The Long, Tortured History of the Job GuaranteeRoundup
tags: liberals, Trump. employment
Peter-Christian Aigner is the director of the Gotham Center at the City University of New York, and is finishing a biography of Daniel Patrick Moynihan, to be published by Simon and Schuster. Michael Brenes, a historian and the senior archivist for American diplomacy at Yale University, is the author of the forthcoming book, The Price of Loyalty: Hubert Humphrey, Lyndon Johnson, and the Struggle for American Liberalism.
... Over the last month, progressives have been celebrating the legislation recently introduced by Senator Cory Booker, calling for a pilot job guaranteein 15 cities and regions, co-sponsored by Senators Elizabeth Warren and Kirsten Gillibrand. But this bill preempts universal job guarantee legislation being drawn up by Bernie Sanders and rejects even the limited job guarantee advocated by the Center for American Progress, suggesting that Democratic leaders still do not understand the severity of the problem. Those excited by the idea ought to remember, too, that it was liberals, not conservatives, who have killed job guarantee bills in the past.
Direct job-creation seems foreign now, but it was the very heart of the New Deal. Virtually every penny spent in those years went to an alphabet soup of programs like FERA, CWA, PWA, CCC, and the WPA. These were responsible for thousands of schools, hospitals, parks, airfields, roads, sewers, trails, and other valuable infrastructure, helping lay the groundwork for the famous post-war economic boom. Every county in the nation but three had a major public works initiative. And for a solid decade, the U.S. government remained the largest employer in the nation.
Joblessness also fell dramatically, if we count public labor—to 9 percent in FDR’s first term, and to 6 percent in 1941 (and this was beforethe war). No later Congress was more successful. The growth rates in that period were impressive, too, averaging between 8 and 10 percent, far better than most recovering economies. Kiran Klaus Patel, in his 2016 book The New Deal: A Global History, notes that direct job-creation was the most distinctly American feature of the New Deal, although many local governments have used the program in economic downturns through history. Philip Harvey, Steven Attewell, Edwin Amenta, and others have argued that FDR’s Committee on Economic Security saw the better-known insurance and welfare program as fallbacks, actually, to a primary, “forgotten leg” in the welfare state: public employment.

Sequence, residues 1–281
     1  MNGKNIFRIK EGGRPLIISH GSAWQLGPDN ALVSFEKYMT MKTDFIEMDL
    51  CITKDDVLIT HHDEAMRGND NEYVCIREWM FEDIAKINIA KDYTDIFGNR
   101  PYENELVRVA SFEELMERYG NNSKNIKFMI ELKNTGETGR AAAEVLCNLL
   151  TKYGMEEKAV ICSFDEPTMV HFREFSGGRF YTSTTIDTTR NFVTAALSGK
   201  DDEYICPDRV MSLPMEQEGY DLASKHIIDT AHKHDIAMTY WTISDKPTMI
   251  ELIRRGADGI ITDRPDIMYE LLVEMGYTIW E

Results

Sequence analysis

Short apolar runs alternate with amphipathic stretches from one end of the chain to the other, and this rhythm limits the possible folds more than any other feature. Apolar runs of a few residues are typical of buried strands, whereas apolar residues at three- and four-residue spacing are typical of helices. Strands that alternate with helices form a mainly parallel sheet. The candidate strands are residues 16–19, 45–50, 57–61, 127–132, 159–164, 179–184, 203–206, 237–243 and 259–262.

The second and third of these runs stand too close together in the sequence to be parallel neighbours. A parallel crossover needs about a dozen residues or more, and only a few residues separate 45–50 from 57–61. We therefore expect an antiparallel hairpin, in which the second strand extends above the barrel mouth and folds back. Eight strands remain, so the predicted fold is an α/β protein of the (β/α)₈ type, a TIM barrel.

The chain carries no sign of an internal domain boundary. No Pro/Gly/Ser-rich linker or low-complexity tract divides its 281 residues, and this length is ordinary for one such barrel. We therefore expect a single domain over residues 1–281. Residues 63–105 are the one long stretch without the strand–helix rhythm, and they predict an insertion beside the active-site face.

Recent pieces on the job guarantee sometimes note that FDR gave the right to work the top spot in his famous second Bill of Rights. And with fear of depression returning after the war, farmers, unions, and liberals mobilized behind a Full Employment bill that ostensibly would have created a permanent WPA. But while a pair of racist southern Democrats and one northern Republican are often blamedfor defeating this social democratic legislation, the best new researchfinds that it was already “one of the most conservative” proposals floating around Congress, before the House ever voted—watered down by the New Deal Keynesian economists who drafted and reworked what became the 1946 Employment Act (which provided full employment in rhetoric only).
Happily, depression did not return. But in the fabled 1950s economy, unemployment steadily increased after three recessions, and then “automation” entered the lexicon. By the late 1950s, Walter Reuther, the left-labor leader, was calling for a March on Washington and a “Marshall Plan for the cities,” soon joined by civil rights leaders. John F. Kennedy responded with the first national job training program, but it did little. Lyndon Johnson followed with the Keynesians’ solution: a tax cut, expected to “unleash” the market and (what else?) “create jobs.” Unemployment fell, helped by the Vietnam War, but high rates of joblessness remained, particularly for the “unskilled” and discriminated groups. Very soon after LBJ’s War on Poverty began, various government departments began pushing for direct job-creation and calling for the government to become “employer of last resort,” ideas JFK and LBJ had many times rejected. But domestic welfare was subsumed by the war.
Hubert Humphrey carried the banner in 1968, promoting federal planning for jobs, housing, and community development. But when he lost to Nixon, reformers in the party rejected this approach. ...
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